This can be prevented if a barrier is used and/or making the object volatile to avoid reodering.

Duarte Nunes

That's not it. There's a dataflow dependence so the compiler would never make that optimization. Also, on the CLR, all stores have release semantics, meaning there's an implicit barrier that does not allow stores to be reordered with other stores.

Duarte Nunes

@Bek Yep. My initial mix up stemmed from a bit too much java programming, where there's no equivalent to ArgumentNullException: when validating parameters, you throw a NullPointerException.


The object used for a lock is being set to null inside the lock.


I think "properties" is not initialized, so when calling properties.clone() , you get a NRE ..?

Fabian Schmied

If some other piece of code sets parentObject to a different (non-null) value, then the parentObject you lock on might not be the same parentObject you use a few lines down. This might cause a NullReferenceException (and other strange behavior).

This is far-fetched, since the snippet doesn't show anyone setting parentObject, but still... Locking an object that can be replaced (by null or whatever) doesn't seem like a good idea to me.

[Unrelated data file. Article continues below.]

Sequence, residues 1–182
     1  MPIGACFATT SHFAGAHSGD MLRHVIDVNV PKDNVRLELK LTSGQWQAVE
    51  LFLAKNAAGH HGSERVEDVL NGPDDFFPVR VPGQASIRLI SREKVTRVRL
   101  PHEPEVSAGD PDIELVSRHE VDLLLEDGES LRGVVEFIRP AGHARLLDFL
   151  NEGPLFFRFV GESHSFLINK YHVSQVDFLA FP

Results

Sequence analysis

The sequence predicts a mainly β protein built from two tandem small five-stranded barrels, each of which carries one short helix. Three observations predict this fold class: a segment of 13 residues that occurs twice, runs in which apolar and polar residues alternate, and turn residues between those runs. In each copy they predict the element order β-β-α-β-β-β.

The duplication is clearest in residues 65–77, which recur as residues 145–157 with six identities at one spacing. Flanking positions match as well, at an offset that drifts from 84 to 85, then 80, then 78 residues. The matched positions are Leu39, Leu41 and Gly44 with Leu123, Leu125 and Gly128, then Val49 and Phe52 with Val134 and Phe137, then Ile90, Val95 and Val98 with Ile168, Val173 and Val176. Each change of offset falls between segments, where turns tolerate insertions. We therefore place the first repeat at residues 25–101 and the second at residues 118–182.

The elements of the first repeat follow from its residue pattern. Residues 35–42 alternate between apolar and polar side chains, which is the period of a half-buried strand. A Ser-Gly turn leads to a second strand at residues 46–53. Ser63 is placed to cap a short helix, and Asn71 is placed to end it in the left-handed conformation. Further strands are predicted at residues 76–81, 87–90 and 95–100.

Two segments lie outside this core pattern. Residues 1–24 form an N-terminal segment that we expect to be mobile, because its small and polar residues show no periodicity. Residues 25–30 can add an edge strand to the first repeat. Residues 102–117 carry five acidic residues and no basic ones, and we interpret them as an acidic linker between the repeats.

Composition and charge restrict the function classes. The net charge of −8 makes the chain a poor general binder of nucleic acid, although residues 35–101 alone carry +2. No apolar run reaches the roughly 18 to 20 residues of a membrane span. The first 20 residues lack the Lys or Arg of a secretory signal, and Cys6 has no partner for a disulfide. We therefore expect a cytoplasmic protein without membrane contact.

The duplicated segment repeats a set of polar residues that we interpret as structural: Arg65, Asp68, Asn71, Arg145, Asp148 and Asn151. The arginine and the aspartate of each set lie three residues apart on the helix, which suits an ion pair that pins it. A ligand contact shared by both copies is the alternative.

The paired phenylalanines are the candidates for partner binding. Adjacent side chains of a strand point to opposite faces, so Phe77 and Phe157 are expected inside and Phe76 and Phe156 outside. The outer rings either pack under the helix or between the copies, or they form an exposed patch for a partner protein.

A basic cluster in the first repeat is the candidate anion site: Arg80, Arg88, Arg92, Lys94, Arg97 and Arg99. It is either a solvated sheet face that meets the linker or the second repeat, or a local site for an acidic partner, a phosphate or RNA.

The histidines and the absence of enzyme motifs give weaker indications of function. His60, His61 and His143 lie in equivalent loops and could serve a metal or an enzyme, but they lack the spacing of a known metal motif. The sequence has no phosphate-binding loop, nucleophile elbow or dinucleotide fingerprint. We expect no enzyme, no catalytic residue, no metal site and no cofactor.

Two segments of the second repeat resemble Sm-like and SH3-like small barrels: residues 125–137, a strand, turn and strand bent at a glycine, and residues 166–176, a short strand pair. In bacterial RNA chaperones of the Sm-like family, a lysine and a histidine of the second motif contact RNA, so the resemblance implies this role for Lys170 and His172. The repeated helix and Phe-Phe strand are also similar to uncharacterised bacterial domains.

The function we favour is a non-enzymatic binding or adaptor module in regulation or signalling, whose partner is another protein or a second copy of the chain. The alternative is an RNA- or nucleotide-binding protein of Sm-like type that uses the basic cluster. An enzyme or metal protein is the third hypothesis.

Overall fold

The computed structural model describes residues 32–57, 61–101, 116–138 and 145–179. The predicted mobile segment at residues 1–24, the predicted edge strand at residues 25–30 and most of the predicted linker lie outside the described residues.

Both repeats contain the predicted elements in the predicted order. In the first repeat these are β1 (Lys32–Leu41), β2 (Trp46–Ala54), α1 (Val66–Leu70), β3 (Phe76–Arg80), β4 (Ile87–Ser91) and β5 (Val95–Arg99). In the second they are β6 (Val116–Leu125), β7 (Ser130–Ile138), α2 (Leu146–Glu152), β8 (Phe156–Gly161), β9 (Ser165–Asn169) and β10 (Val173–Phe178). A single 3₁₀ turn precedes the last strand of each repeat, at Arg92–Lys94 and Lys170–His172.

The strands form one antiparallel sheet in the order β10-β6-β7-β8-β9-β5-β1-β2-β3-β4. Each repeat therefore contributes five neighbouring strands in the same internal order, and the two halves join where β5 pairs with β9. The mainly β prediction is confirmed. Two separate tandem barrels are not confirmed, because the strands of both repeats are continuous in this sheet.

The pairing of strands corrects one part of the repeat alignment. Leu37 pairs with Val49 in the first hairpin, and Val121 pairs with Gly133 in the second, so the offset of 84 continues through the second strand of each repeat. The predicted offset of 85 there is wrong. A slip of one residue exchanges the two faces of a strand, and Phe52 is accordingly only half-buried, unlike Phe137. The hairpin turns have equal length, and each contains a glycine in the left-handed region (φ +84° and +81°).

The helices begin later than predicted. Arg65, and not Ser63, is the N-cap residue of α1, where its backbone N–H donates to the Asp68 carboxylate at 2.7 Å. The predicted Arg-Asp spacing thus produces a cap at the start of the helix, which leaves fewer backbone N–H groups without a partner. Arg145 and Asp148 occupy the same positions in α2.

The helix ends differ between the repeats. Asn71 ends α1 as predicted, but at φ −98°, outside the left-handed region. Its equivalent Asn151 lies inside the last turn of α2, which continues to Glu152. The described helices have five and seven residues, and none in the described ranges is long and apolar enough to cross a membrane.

Peter Gfader

properties is null


parentKey is null

This line is wierd

properties = properties.Clone();

Mark Knell

lock() is not safe against reentrant code on the same thread. So maybe the implementation of properties.Clone() recurses to the block of code in question (and does not infinitely recurse, since we didn't get a stack overflow; suppose it has some sort of recursion limit). It will re-enter the lock, Clone() once more, null out the parentObject (I'm assuming it's not a local variable on the stack, since you're locking on it), then unwind to find parentObject null. Boom.


How to install rhino mocks? the usability of this page is very bad. where can i get binaries. i dont want to install git or something like that. this is to freaky. it should be easier to use at all.

Ayende Rahien

User24, And this has what to do with this post?


If i would have spend less time in looking how to get rhino mocks installed, i would have more time for things like this (finding NULL References).

Kind Regards && sorry for wrong Post ;)